Wycliff who produced the first English translation was worried because the word Elohim is plural, and he felt that translating it straight across into the English Bible might take the English back into their pagan polytheism. As English had no general word for deity he looked around for another word. In the end he chose the personal name of a long forgotten deity God or Gad. The curious thing is that English language has changed because of this. The postmodern English reader only thinks of God as God, as we have no memory of God/Gad the pagan god. God is the equivalent of Elohim, the great creator God, not some long forgotten deity from our pagan roots. For better or worse every English translator of the Bible has followed Wycliff’s solution.
Over the years I have found that many Christians are offended for instance, when they find out that the Arabic Bibles say Allah. (It is how one says God in Arabic.) Actually of all the languages in the world Allah is actually the closest to the Hebrew Elohim as they both root from the Semitic word El or Al.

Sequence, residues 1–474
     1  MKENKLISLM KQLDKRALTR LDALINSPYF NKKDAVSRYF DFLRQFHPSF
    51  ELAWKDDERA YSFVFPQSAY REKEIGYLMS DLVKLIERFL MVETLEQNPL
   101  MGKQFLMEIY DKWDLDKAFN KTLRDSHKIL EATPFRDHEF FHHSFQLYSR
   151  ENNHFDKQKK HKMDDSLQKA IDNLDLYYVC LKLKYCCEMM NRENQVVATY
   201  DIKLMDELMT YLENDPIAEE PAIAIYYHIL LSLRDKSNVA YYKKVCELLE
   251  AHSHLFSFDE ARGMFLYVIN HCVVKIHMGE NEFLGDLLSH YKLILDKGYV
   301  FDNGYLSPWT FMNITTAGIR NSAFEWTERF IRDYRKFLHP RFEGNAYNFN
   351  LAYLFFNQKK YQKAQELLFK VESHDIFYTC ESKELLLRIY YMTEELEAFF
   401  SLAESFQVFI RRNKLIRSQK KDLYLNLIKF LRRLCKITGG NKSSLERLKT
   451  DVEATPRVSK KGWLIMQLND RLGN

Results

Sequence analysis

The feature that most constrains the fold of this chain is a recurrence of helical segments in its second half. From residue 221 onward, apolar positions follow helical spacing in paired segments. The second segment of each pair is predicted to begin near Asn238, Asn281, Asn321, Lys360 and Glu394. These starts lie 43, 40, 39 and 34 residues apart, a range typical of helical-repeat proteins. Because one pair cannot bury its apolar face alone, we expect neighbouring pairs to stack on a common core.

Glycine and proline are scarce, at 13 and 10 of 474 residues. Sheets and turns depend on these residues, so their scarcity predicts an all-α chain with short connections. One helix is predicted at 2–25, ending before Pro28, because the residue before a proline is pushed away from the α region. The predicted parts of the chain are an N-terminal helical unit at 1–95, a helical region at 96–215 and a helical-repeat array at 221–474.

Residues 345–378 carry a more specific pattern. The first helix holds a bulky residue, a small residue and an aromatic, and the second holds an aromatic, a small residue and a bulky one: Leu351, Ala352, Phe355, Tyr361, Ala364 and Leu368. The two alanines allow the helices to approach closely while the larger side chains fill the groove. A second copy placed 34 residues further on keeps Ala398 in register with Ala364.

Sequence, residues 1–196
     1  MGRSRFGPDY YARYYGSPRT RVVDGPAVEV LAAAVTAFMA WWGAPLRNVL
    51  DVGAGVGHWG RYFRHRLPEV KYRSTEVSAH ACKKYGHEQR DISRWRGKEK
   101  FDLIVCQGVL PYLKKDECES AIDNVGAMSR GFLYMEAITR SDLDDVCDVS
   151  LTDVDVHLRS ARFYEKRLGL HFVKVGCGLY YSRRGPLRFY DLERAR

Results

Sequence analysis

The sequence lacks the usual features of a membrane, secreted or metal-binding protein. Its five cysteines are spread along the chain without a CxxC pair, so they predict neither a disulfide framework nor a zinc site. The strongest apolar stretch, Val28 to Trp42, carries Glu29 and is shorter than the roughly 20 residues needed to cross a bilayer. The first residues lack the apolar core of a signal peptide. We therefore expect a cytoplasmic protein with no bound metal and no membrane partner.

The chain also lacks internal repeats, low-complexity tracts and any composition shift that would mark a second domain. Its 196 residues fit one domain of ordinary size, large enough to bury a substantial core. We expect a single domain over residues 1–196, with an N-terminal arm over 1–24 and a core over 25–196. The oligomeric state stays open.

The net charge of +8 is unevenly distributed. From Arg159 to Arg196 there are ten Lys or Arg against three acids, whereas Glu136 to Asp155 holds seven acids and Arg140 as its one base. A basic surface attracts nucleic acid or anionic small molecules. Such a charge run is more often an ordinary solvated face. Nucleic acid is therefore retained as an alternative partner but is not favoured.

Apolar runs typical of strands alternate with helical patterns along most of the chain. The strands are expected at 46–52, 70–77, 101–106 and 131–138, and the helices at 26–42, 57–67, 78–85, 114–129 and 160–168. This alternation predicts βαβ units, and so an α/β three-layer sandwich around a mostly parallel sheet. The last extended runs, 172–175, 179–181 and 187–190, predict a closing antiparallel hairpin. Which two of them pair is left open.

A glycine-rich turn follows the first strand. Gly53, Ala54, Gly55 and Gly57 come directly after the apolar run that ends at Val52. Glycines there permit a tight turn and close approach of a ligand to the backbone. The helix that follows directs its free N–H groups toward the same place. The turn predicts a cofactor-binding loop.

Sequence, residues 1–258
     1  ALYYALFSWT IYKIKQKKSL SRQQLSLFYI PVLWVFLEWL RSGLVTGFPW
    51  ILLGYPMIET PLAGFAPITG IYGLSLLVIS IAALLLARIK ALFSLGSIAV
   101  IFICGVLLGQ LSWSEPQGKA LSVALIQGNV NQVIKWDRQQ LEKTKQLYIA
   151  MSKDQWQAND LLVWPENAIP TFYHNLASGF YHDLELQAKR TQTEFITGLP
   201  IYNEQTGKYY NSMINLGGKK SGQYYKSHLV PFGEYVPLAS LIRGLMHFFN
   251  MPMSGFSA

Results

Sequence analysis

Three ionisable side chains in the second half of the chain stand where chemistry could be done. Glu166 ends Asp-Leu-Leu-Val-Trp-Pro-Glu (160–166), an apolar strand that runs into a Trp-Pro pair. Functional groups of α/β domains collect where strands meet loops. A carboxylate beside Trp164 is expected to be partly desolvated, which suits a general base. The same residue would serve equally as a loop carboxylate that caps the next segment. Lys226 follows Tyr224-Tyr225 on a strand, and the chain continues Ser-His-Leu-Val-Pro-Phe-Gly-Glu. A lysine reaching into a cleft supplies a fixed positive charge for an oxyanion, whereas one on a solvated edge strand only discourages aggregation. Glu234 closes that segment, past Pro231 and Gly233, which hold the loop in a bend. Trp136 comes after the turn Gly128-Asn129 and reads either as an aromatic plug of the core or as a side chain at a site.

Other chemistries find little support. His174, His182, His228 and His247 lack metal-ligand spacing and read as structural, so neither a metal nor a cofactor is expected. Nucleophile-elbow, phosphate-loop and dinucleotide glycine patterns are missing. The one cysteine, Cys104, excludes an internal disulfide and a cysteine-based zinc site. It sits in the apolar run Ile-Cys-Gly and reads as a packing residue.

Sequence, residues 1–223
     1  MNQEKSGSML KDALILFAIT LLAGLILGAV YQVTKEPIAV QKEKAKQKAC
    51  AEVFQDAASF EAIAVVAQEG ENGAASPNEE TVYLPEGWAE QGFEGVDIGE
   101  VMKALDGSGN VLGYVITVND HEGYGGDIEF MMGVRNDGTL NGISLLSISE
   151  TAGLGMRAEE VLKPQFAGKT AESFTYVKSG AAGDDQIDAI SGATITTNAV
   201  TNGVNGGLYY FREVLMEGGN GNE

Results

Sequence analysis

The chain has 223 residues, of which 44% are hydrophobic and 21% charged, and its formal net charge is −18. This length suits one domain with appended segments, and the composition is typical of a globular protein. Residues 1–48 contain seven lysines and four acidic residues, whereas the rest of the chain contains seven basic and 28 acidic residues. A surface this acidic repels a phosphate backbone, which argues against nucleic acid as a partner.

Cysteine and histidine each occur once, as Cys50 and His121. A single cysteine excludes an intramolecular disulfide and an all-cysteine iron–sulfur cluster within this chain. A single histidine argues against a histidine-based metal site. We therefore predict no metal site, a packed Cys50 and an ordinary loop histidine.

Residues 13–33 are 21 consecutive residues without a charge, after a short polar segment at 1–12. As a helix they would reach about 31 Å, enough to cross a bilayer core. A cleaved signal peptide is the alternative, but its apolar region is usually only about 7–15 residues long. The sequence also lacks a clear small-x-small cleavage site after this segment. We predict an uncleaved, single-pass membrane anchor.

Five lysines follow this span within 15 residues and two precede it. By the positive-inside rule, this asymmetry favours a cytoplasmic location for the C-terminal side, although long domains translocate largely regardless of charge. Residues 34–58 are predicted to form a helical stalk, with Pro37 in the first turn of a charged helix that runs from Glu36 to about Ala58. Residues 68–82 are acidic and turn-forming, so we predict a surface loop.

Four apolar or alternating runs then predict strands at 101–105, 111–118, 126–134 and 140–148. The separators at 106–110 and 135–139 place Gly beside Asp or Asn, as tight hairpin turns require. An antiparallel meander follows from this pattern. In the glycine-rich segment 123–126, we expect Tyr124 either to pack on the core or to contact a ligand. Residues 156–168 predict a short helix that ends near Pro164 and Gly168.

Most English reader are surprised to find that the word God or Gad is the personal name of ancient Britain’s god of luck or fortune, and is actually in the Hebrew text as a pagan god.
But you who forsake the LORD, who forget my holy mountain, who set a table for Fortune and fill cups of mixed wine for Destiny; Is. 65:11
FYI: Destiny is a translation of the word Meni and is the god that weighed ones soul against a feather to determine ones destiny in the afterlife. [c.f. Dan. 5:25]
Can or should we do anything about this? Probably not! At this point changing back to Elohim would only confuse and/or anger the Christian population, especially the “King Jame’s Only” people. Believers however should to be aware that this change has been made to the English language. We how have a word for deity it is God. There are several other changes to the English language that the translation and general reading of the Bible has made